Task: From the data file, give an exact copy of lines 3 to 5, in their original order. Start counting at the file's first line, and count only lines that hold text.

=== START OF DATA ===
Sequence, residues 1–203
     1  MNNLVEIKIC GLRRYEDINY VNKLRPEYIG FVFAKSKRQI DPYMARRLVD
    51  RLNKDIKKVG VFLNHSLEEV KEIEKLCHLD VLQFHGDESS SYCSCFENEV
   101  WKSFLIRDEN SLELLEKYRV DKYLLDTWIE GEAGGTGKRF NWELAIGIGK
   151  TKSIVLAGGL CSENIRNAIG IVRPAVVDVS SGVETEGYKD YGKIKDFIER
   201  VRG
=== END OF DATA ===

    51  RLNKDIKKVG VFLNHSLEEV KEIEKLCHLD VLQFHGDESS SYCSCFENEV
   101  WKSFLIRDEN SLELLEKYRV DKYLLDTWIE GEAGGTGKRF NWELAIGIGK
   151  TKSIVLAGGL CSENIRNAIG IVRPAVVDVS SGVETEGYKD YGKIKDFIER